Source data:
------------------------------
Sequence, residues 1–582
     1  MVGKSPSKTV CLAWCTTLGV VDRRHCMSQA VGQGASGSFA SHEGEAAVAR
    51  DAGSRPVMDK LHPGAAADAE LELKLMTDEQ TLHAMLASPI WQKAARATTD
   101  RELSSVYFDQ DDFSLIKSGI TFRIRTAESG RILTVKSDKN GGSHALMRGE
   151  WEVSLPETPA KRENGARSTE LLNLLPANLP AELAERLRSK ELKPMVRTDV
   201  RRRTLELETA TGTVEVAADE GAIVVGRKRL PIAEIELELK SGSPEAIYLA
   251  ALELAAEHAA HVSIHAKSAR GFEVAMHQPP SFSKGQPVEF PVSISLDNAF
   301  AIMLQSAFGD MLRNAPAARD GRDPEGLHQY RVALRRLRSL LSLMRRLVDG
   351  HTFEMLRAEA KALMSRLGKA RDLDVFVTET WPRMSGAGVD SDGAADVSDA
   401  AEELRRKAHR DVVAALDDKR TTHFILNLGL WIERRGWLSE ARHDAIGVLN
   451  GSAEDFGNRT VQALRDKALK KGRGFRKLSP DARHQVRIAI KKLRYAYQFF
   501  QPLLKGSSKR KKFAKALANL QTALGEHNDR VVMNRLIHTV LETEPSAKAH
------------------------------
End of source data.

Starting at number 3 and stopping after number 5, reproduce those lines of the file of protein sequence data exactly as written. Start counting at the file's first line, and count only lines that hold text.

    51  DAGSRPVMDK LHPGAAADAE LELKLMTDEQ TLHAMLASPI WQKAARATTD
   101  RELSSVYFDQ DDFSLIKSGI TFRIRTAESG RILTVKSDKN GGSHALMRGE
   151  WEVSLPETPA KRENGARSTE LLNLLPANLP AELAERLRSK ELKPMVRTDV